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Argentina Facts 

Official name: Argentine Republic 

Form of Government: Federal Republic 

Capital City: Buenos Aires 

Population: 42,782,320 

Official Language: Spanish 

Money: Argentine Peso 

Area: 1,073,518square km 

Argentina is a vast country located in the southern part of South America. It is the second largest country in South America after Brazil, and the eight largest country in the world. 

To the west, the towering Andes mountains create a natural 5,142 km high border with Chile, and the eastern border of the country is the Atlantic Ocean.


To the east of the Andes, the interior of the country is flat, fertile grassland. This area, called the Pampas, is the agricultural heartland of Argentina. 

Northeast Argentina features rainforest and Iguazu Falls. Located on Argentina’s border with Brazil, this spectacular waterfall descends along a 2.7 km front in a horseshoe shape. 

Altogether, the country is divided into four regions-the Andes, the Pampas, the north and Patagonia, which covers the southern part of the country. 


Unlike many other South American countries Argentina has fewer native people and a large population of people who came from Europe.

In fact, around 95% of Argentina’s population are of European descent, mostly from Italy, Spain and Germany. Much of the native population died from diseases brought in by Europeans in the 16th and 17th centuries.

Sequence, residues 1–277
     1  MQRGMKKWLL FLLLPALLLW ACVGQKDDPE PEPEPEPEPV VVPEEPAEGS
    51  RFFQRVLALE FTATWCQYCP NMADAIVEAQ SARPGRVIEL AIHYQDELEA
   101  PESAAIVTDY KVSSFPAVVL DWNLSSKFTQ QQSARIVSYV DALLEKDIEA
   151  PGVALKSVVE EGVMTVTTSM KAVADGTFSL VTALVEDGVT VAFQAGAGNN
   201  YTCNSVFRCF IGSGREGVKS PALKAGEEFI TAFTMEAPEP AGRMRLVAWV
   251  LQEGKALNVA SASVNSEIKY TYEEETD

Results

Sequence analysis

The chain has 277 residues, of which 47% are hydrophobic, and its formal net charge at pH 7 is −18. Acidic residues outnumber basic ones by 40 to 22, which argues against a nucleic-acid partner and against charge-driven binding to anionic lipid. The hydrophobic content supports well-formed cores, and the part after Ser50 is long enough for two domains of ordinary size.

Nearly half of the population lives in the area around Buenos Aires. This beautiful city is sometimes referred as the “Paris of South America” because of this European influence. 

Soccer is the favourite sport in Argentina, and the country has produced some of the world’s most famous players, such as Lionel Messi and Diego Maradona. 

Gauchos, like American cowboys, have become a symbol of the open plains of the Pampas region. Historically they were brave country people devoted to lassoing and raising cattle and horses. 


Typical food: Asado, is meat prepared on a grill or over open fire as part of a BBQ. 

Alfajores: sweet biscuits filled with dulce de leche and covered with chocolate. 

Empanadas: deep fried or baked stuffed pastry pockets with meat, veggies, cheese or chicken. 

Mate: Tea made from Yerba mate, which is a local herb, and is then sipped through a straw which is called bombilla.



(Argentinian Chocolate Cake)

Translated as chocolate cake, this no-bake Argentinian dessert was influenced by Italian cuisine and modeled on the famous Italian tiramisu. It is made with three Argentinian staple ingredients: chocolate biscuits, dulce de leche, and cream cheese.

The cookies are softened in milk and layered with a combination of cream cheese and dulce de leche. The shapes of chocotorta can vary, while the biscuits can be soaked with chocolate milk, coffee, or even coffee liqueur. The most common theory about its origin says that it was invented as a part of a marketing campaign designed to promote Chocolinas chocolate cookies, and the recipe was included in the packaging. 

A regular at most Argentinian celebrations and birthday parties, chocotorta is a simple no-bake dessert that can be prepared by even the most unskilled cook, yet so delicious as if made by a professional. According to the original recipe, chocotorta consists of layers of Chocolinas chocolate cookies dipped in port wine, with a mixture of dulce de leche and cream cheese (queso crema) in between. However, today, chocolate cookies are more commonly dipped in coffee. The cake is traditionally rectangular, but other shapes can be made as well. 


Chocotorta is rarely found in restaurants and remains a novel dessert outside of Argentina.